If you’re like me, you’ve probably watched the show ‘Income Property’ on HGTV. If you haven’t I’ll give you a quick synopsis: Scott McGillivray is a Real Estate Investor and Contractor and is the host of the show. Scott leads home owners, who would like to convert part of their home into an ‘income property’, through a series of steps from renovation to renting. Typically the home owner will convert a basement into an in-law suite and after a few weeks the space is fully finished and ready for tenants.
So what does this have to do with tax laws and you?
Any time you convert a non-income property into one that produces income, the government will deem that you have sold your property, or a portion of it, and you can be taxed accordingly. This becomes especially tricky if the property has increased in value. If that’s the case, you may have to declare capital gains.
This even holds true if you are renting out your cottage for the summer or if you are only renting a single room or if you convert part of your home into a business space. Scary stuff right?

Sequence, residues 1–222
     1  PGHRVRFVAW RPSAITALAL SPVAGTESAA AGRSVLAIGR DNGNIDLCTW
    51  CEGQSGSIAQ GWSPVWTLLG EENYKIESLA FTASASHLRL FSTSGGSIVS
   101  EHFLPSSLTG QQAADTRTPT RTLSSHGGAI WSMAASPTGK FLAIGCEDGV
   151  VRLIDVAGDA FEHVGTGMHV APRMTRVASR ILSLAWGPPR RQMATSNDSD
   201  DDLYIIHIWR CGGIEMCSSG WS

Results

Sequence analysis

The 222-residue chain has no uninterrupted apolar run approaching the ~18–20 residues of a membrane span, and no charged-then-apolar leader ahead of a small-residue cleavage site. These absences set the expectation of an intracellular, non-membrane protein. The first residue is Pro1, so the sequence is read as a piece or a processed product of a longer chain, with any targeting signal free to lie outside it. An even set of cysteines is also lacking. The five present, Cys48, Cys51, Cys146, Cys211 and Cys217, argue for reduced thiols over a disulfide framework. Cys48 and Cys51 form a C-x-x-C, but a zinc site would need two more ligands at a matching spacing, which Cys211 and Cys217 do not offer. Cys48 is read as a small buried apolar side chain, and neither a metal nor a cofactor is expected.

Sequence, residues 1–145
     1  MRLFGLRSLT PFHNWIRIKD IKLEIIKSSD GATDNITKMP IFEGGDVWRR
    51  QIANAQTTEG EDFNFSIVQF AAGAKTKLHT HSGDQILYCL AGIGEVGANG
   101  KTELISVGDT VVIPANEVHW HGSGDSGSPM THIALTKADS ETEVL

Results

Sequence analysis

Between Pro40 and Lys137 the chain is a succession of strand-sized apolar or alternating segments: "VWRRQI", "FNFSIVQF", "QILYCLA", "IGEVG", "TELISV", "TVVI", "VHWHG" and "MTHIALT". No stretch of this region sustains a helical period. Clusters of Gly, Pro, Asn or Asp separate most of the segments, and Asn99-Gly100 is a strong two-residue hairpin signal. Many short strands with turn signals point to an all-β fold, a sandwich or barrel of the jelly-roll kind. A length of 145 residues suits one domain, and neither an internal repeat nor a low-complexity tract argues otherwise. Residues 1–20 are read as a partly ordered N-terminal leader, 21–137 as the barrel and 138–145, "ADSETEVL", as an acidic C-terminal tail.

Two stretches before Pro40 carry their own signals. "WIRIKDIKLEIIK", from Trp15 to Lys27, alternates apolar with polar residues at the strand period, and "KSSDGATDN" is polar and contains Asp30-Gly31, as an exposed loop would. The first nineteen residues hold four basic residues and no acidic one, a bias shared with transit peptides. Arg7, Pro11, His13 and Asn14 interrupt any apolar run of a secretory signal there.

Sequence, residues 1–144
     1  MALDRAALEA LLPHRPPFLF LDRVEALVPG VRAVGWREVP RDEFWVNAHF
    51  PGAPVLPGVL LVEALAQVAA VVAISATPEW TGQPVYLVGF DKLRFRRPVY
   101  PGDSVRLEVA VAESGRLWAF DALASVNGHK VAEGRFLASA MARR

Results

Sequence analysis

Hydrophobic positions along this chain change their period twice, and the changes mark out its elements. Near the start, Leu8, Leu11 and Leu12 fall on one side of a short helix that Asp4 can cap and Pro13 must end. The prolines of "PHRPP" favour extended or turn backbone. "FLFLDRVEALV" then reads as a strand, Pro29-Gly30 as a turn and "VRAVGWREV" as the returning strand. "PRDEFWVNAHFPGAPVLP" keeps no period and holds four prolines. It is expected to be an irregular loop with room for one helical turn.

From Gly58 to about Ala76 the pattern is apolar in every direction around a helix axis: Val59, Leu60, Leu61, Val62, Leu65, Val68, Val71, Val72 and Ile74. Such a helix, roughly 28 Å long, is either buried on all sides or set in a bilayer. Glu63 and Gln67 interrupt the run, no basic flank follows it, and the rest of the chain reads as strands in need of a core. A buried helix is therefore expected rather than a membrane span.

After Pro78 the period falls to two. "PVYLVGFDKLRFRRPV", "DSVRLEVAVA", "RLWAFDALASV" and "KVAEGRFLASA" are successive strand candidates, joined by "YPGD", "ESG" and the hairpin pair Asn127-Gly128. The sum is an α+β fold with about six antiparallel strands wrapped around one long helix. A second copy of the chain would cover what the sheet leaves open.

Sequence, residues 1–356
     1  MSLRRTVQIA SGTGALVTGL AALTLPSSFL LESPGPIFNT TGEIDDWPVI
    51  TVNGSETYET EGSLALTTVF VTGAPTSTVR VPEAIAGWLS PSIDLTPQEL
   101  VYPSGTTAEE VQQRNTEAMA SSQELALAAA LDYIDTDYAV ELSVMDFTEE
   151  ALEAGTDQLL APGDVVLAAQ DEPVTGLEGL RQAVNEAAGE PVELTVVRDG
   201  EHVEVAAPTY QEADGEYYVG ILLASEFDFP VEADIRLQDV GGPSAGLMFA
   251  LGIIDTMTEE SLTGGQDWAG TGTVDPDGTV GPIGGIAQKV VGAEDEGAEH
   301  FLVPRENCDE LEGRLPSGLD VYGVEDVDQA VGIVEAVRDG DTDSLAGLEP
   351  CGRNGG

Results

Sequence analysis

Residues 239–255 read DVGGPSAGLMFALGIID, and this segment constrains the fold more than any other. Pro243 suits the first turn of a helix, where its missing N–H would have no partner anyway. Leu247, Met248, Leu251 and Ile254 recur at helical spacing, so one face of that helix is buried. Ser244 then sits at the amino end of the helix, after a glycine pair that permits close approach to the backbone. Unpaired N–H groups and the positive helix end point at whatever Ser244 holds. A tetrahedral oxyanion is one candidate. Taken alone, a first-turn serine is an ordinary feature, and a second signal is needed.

But don’t be too alarmed. There is an exemption!
First of all, you may be able to get around the capital gains issue and avoid the tax hit if you declare the income property as your principal residence.
The next part may also help with a tax exemption. You can declare that the property is only a partial change and the income-producing purpose is necessary to support the primary use of the property. The next exemption point is that no capital cost allowance is being claimed on the property. The last point is you can indicate that there is no structural change to the property.
One last opportunity for tax exemption is if you defer the capital gain to a future year. This is only possible if you have completely converted the property into an income property. You will still be allowed to claim the property as your principal residence for up to four years after you’ve changed its use to earn income.
There are certainly benefits to creating an investment property but be aware that there are some potential tax roadblocks you may have to go through.
If you would like to check out the original article from The Globe and Mail you can find it here.